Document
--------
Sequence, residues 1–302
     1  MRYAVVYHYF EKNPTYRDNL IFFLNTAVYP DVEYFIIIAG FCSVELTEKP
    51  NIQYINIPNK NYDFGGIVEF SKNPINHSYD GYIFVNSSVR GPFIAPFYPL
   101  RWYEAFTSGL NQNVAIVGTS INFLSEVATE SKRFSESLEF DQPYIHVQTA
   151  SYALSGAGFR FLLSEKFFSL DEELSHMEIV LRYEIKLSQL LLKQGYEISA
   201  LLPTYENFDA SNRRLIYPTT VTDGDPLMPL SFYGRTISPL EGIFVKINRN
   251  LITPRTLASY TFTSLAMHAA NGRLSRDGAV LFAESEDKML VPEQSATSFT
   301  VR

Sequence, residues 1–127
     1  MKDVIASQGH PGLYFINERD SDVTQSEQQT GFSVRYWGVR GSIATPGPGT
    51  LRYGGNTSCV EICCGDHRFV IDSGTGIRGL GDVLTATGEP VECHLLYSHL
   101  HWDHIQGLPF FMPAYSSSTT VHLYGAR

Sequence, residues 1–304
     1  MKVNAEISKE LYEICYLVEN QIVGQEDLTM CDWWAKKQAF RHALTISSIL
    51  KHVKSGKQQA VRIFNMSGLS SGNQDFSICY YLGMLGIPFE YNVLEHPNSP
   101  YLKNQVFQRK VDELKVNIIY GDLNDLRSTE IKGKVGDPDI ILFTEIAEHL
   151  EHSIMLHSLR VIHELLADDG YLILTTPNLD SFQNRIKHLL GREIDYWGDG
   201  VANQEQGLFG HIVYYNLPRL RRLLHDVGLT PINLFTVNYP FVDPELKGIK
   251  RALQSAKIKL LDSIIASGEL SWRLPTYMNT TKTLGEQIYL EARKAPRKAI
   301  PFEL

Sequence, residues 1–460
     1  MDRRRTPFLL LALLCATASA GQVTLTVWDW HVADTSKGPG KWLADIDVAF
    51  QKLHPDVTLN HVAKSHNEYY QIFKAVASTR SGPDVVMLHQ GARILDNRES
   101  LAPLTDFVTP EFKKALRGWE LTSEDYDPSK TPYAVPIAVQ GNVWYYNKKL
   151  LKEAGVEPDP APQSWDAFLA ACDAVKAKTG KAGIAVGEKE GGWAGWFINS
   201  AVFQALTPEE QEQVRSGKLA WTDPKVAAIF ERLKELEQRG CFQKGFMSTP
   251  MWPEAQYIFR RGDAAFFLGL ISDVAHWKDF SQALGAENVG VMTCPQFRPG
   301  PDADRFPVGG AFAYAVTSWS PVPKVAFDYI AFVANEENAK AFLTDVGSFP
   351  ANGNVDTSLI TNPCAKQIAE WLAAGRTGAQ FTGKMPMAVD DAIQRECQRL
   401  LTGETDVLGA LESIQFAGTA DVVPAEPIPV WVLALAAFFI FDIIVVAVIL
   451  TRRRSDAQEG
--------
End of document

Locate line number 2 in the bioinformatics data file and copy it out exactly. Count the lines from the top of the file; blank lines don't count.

     1  MRYAVVYHYF EKNPTYRDNL IFFLNTAVYP DVEYFIIIAG FCSVELTEKP